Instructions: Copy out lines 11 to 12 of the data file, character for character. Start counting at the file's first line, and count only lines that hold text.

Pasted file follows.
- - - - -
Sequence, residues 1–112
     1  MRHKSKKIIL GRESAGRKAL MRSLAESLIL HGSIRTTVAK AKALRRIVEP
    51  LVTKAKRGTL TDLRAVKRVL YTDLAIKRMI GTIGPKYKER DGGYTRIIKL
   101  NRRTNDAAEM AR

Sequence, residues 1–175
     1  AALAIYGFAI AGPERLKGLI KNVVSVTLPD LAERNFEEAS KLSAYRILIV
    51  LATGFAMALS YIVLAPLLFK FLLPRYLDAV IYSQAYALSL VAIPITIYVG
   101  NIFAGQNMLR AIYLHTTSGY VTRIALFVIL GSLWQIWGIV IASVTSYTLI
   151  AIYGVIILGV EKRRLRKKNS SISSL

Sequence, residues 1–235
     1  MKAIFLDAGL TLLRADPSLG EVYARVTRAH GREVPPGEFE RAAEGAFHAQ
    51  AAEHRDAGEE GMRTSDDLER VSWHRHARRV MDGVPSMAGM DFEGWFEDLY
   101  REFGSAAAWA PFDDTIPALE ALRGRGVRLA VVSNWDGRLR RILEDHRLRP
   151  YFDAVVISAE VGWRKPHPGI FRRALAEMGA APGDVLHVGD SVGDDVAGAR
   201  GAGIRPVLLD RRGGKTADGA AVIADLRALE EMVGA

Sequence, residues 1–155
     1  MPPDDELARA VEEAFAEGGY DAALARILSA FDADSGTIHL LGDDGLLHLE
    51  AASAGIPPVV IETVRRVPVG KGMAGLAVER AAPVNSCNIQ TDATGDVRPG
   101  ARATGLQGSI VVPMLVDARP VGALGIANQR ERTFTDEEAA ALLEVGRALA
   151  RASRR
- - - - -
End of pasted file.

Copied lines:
     1  MKAIFLDAGL TLLRADPSLG EVYARVTRAH GREVPPGEFE RAAEGAFHAQ
    51  AAEHRDAGEE GMRTSDDLER VSWHRHARRV MDGVPSMAGM DFEGWFEDLY